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Misdiagnosed and misunderstood – ovarian cancer a silent killer

Windsor/Falmouth Walk of Hope raises funds and awareness along waterfront

WINDSOR, N.S. – Charlotte Dorey, who lives in Berwick, participated in the Windsor/Falmouth Walk for Hope for the first time, after being diagnosed with ovarian cancer in April.

This isn’t her first time dealing with the cruel disease.

“A lot of the symptoms are overlooked as another disease, so it was important for me to come out and walk so I can help to get education out to the women that need to know what the symptoms are all about,” Dorey said.

“I have two cancers, I was diagnosed with ovarian cancer, while being treated for lung cancer,” she said. “Cancer has impacted my life so much. I think I appreciate life more, it’s a strange thing to say, but the little things in life mean so much more to me now than they ever did.”

She said she’s still processing things as she deals with treatment. She had her surgery earlier this year.

She had the upper-right portion of her lungs removed in January, diagnosed with ovarian cancer in April.

It’s been quite a year, she says. Despite that – she’s out with her family, hitting the trail for ovarian cancer awareness and raising over $600 for the cause.

“I’m really happy about that for my first time and I will continue to be an advocate for ovarian cancer, so we can get the education out to the women who need it.”

Cheryl Barker, organizer of the Windsor/Falmouth Ovarian Cancer Walk of Hope.

This is Barker’s ninth time participating in the annual walk, although she tried to spread the word herself a year before that by passing around cards with information on the disease.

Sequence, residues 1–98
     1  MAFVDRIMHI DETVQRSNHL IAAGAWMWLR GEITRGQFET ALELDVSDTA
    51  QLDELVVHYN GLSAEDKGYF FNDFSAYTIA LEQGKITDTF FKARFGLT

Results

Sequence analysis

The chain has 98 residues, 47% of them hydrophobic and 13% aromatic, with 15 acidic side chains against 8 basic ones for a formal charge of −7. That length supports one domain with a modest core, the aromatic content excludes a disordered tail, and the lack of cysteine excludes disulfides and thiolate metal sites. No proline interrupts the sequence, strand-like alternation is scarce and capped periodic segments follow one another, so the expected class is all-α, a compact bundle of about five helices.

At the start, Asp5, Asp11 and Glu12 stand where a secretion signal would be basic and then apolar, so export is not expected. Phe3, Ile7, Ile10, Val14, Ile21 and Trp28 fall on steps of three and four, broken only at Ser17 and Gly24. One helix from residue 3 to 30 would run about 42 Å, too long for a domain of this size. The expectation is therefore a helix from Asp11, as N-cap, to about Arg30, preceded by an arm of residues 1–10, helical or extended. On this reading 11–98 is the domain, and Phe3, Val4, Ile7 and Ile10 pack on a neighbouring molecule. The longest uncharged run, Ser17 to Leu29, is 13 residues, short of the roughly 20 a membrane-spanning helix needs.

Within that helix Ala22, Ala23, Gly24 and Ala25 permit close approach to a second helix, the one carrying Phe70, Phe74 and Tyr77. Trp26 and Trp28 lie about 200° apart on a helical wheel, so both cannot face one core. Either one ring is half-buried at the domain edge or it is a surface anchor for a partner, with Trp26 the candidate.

“It’s a silent killer, the signs and symptoms of ovarian cancer are so insidious that people can brush them off as something else,” Barker said. “By the time they discover they have ovarian cancer it’s too late.”

Barker’s primary goal when starting the walk was to educate the people of Hants County about ovarian cancer and its risks.

“I had a friend who was diagnosed with ovarian cancer, but it was too late when she was diagnosed,” she said.

The Windsor/Falmouth chapter raised over $3,500 this year, with more than $40,000 since it began.

Signs and symptoms of ovarian cancer

Symptoms associated with ovarian cancer are often vague, non-specific and can be mistakenly attributed to other causes. These symptoms can often be experienced by women without ovarian cancer.

Common symptoms include:

  1. Bloating - increased abdominal size/persistent bloating
  2. Eating - difficulty eating or feeling full quickly
  3. Pain - in pelvic or abdominal areas
  4. Urinary symptoms - urgency or frequency

Occasionally there can be other symptoms such as changes in bowel habits, extreme fatigue or unexplained weight loss.

Just because you have the symptoms does not mean you have ovarian cancer.

However, if the symptoms are: New – they are not normal for you and may have started in the last year. Persistent – they have been present for more than 3 weeks. Frequent – you notice the symptoms happen frequently - then it is important that you see your doctor.

Research indicates that the symptoms of ovarian cancer may not occur until late stages of the cancer or that listening to them may not improve a woman’s ovarian cancer.

Since there is no screening for ovarian cancer, Ovarian Cancer Canada believes that women should pay attention to their symptoms.

If a woman is aware of symptoms and communicates these to her health care provider, it may help her to get diagnosed and treated earlier.

- Via Ovarian Cancer Canada

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